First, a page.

Aaron Judge’s greatness is more than just a home run record



CNN

Let’s be clear: I’d rather be audited by the IRS than see the New York Yankees win a World Series. I hate them and anyone who plays for them. That said, you’d have to be a fool not to recognize Aaron Judge’s historic season.

Yes, Judge is likely to break the American League record for tours in one season, which is impressive in itself. It’s so much more than that, however. A look at different metrics shows just how dominant Judge has been – and how he’s helped spark interest in the America’s favorite pastime.

The judge sits at 60 homers and is on course to find himself in the mid-60s. That means he will likely finish well ahead of Roger Maris’ long-standing American League record of 61 homers.

Judge is likely to miss the Major League Baseball record of 73 home runs. Anyone who has followed Judge’s pursuit will note that most people dismissed this record – held by Barry Bonds – or any home run season north of 61 home runs because all of these men were involved in drug scandals and would have used steroids. Obligations and Samy Sosa denied these allegations.

Aaron Judge's lead in the home race is an outlier in MLB history.

Whether or not you believe those other records are legit, what can’t be disputed is that records like Bonds’s happened during a time when home runs were flying out of the park faster than a Concorde jet. When Bonds hit 73 homers in 2001, Sosa hit 64. When Mark McGwire hit 70 homers in 1998, Sosa hit 66.

Currently, Judge is 20 home runs ahead of his closest competitor, Philadelphia Phillies left fielder Kyle Schwarber. Judge stands out not only for its overall total, but also for how outlier its performance is compared to the competition.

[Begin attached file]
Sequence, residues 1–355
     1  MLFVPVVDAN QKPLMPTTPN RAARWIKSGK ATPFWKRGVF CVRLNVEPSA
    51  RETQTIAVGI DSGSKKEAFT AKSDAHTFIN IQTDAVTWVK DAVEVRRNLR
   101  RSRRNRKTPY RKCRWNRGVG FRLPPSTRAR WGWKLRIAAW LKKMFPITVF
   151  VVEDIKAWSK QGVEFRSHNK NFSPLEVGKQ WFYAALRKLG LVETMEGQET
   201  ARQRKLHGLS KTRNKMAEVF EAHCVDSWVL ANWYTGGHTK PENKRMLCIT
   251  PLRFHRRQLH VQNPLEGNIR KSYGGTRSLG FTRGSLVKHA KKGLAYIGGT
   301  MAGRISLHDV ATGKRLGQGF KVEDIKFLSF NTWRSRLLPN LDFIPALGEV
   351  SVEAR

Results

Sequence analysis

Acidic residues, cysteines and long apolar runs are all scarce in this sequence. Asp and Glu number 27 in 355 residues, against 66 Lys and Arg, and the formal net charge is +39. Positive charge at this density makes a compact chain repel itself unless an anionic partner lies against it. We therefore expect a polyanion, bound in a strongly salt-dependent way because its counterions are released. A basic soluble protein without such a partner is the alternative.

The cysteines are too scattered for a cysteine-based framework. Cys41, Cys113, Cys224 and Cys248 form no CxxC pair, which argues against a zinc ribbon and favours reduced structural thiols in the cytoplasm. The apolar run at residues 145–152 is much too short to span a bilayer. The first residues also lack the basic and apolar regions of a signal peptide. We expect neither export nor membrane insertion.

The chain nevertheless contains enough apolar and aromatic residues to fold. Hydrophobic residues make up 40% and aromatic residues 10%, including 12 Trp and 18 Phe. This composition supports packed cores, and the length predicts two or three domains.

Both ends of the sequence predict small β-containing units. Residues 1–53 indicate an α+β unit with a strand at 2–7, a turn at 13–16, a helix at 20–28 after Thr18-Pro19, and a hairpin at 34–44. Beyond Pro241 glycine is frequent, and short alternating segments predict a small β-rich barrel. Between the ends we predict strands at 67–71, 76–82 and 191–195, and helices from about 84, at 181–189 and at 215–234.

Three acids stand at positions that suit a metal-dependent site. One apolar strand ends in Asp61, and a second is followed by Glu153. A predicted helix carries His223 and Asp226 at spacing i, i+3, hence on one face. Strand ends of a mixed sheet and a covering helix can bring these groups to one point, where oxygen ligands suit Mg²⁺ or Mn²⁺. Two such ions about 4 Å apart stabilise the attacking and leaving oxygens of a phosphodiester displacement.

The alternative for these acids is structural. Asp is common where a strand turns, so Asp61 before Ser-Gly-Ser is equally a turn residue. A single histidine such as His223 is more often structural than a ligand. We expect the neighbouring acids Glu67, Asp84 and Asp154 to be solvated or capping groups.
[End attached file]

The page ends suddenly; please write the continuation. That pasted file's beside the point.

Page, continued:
If you look at each 50+ homer season, the average difference between the person who hits 50+ homers and second place This year was only five circuits. All men who have hit 61 or more home runs have had, at most, nine home runs between them and the second – Maris beat Mickey Mantle by seven home runs in 1961.

Of course, Judge doesn’t just stand out for his home run prowess. He’s as close to the full package as a hitter as you can get.

Mantle’s 1956 season was the only one of more than 50 home run seasons in which the player also led his league – American or National – in batting average and RBI (RBIs).

Aaron Judge hits an RBI double against the Toronto Blue Jays at Rogers Center on May 3 in Canada.

Judge has a real shot at joining Mantle as one of two men to hit for baseball Triple crown in the season they hit over 50 homers out of the stadium. The judge has clear tracks in home runs and RBIs in the American League. He traded heads with Boston’s Xander Bogaerts and Minnesota’s Luis Arráez for the batting average crown.

However, you could argue that metrics like batting average and RBI are obsolete in the age of advanced statistics. Don’t worry, if you’re someone trying to explain how amazing Judge’s season was, there’s evidence for that too.

Take a look at some of the stats that are generally preferred by game buffs. Judge is ahead of everyone in on-base percentage (OBP), slugging percentage, on-base plus slugging percentage (OBPS), wins above replacement (WAR) and so on.

In fact, the judge’s basis plus slugging, adjusted for proxy and seasonal factors, is the sixth best of any player to hit more than 50 homers in a season.

Ultimately, Judge’s season is great no matter how you look at it.

Arguably Judge’s biggest weakness is that he’s doing it at a time when baseball is the the least popular it never was. Just over 10% of Americans say it’s their favorite sport to watch. It’s battling with basketball for second place next to the powerhouse that is the NFL.

Baseball was a clear fan favorite when Maris hit 61 homers. It was a clear second place when McGwire beat Maris’ mark.

Google searches tell the story, like the NFL more research MLB is looking in order of 3 or 4 to 1 (!) in the last week.

While this author is by no means a Yankees fan, he can relate to the increased exposure of baseball through Judge's exploits.

The judge, however, was able to burst. If you look at the best quarterbacks in the NFL – measured by ESPN Quarterback Rating (QBR) – The judge has more people look for it than anyone in the state’s top four.

I can only imagine how much more pressure Judge would be under if his historic season took place when many Americans actually cared about the game. Perhaps Judge’s season will help revive baseball in the most tiny and — while I can think of millions of other things I’d rather see than a Yankee succeed — it’s something I can live with.